Where to Store Web App Business Logic?

QArea Expert by QArea Expert on July 8, 2015

Where to Store Web App Business Logic?
Reading Time: 2 minutes

There are several organizations who practice a peculiar activity. Those businesses develop web apps where all the business logic is stored in database procedures. This practice, while fully operational in theory tends to be of negotiable value in practice. Here’s an example: HTML that is used for view as controllers thus client requests are diverted to appropriate databases. This choice may seem quite acceptable when your business logic significantly relies on databases. In theory.

Pros and cons

Now that we have touched theoretical aspects of storing business logic in databases we must discuss potential pitfalls and possible benefits. Let’s begin with the good part. Pros:

  • Business logic is comfortably stored in one place.
  • Stored procedures may be of worth and value to multiple apps.
  • Also apps should be fatter as numerous SQL queries are being done throughout just one round over the database.


  • There will be lots of load on the database. Load that isn’t even a required necessity and may be otherwise avoided.
  • All involved developers will have to be fluent with the SQL dialect that’s used in your particular case.
  • SQL code lacks expression and flexibility thus making it more difficult to develop functionality that covers higher level concepts which have no direct relation to data.

The real deal

Well, I could even say advantages overweight possible flaws and the process does indeed seem like a valuable addition into your web app development processes. However we have covered how things work in theory. What’ll we have when stuff gets real?

  • The largest catch are developers themselves as few can really create appropriate, consistent and properly-stored procedure interfaces. Especially with respect to the fact such an interface has to flawlessly work across several apps. Things escalate from bad to worse when it comes to documentation as there are simply too many stored procedures.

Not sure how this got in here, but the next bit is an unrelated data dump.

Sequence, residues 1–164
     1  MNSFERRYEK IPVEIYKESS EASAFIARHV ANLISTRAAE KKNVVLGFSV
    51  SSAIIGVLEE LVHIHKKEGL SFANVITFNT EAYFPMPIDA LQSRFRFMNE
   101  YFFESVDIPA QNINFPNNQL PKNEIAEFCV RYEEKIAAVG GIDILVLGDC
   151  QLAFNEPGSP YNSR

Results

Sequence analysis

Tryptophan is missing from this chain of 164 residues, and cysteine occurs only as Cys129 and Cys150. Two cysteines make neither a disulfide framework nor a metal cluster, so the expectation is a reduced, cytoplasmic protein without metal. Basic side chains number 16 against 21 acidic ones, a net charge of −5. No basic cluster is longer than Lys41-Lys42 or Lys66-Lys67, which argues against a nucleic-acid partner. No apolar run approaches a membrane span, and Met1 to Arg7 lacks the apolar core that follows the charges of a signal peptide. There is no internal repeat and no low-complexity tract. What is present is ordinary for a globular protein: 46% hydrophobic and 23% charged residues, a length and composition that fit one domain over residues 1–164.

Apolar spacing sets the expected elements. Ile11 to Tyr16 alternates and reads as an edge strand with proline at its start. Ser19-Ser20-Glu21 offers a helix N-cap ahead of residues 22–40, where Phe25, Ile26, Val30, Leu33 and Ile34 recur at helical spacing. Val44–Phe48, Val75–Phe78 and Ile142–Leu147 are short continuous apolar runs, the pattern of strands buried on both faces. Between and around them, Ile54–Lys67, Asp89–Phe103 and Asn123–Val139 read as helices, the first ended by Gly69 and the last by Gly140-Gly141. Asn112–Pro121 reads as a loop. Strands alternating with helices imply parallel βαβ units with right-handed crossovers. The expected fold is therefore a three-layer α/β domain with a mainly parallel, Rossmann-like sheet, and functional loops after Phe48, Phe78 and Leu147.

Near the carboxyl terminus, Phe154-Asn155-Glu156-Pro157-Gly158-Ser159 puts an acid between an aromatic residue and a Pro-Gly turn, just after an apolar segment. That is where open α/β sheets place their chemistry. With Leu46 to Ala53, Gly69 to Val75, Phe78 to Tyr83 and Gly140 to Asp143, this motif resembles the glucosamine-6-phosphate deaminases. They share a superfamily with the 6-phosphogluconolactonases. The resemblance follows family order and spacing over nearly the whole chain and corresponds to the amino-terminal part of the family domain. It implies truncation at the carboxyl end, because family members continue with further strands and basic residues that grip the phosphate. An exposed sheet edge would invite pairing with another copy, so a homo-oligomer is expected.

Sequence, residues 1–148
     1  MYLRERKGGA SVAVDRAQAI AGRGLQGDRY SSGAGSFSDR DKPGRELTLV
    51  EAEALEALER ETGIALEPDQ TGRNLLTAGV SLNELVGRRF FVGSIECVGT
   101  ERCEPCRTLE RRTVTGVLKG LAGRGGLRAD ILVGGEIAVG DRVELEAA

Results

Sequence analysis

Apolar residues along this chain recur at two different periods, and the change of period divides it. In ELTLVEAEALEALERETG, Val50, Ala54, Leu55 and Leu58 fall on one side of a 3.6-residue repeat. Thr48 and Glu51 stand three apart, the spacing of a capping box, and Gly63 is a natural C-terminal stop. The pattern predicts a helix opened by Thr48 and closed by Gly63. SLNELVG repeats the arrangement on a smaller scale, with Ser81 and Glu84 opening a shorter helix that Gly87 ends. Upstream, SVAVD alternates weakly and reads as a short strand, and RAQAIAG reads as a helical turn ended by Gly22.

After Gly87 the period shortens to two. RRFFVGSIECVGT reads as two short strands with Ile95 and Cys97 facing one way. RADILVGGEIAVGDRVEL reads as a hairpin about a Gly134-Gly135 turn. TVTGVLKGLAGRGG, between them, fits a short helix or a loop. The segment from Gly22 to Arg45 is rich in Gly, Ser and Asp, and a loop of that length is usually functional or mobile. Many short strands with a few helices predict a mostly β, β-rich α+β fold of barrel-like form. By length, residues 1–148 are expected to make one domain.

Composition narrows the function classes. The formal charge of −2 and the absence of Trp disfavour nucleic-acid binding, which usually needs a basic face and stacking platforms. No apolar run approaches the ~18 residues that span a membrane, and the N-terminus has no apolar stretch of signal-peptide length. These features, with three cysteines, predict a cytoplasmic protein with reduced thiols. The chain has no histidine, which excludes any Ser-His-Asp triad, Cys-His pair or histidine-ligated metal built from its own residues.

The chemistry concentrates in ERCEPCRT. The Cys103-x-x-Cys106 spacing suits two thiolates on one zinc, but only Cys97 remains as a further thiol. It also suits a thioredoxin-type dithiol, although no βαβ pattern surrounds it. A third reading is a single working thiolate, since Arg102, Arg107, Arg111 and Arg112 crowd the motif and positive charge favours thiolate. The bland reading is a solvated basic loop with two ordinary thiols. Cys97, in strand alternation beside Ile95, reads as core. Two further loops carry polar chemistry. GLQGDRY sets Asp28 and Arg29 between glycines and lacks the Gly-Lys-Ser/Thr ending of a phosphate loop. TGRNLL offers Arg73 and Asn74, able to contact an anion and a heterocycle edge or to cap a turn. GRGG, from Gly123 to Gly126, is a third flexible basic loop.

• SQL is a programming language with a huge emphasis on the programming part with lot’s missed out from lingual capabilities. Thus requires tons of effort to run, maintain and fully understand the code. And development of valuable functionality takes much longer that the same task would take with implementation of other languages.
  • Bottlenecks are any database server’s main escort. Adding more load can turn out as a disaster. Proper balance is hard to achieve and even harder to maintain.
  • What if a variety of SQL servers or even one different server is required by the customer? Well, the process will be forced to begging from scratch and the same will happen over and over again for any new SQL server because you are too addicted to your primary database.
  • Same may happen if Microsoft will cut down several functions you are actively using in all stored procedures.
  • More synchronization challenges, tools that are complex as hell, source control is an actual headache and much more.


There truly are several particular cases where stored procedures are a reasonable option. If there are such activities involved as generation of reports that require enormous additional processing investments from several large tables than it’s ok as you probably don’t want your app to perform hundreds SQL requests, right? Business logic may be stored in database procedures, yet these cases are rare. Otherwise, stick to your usual plan.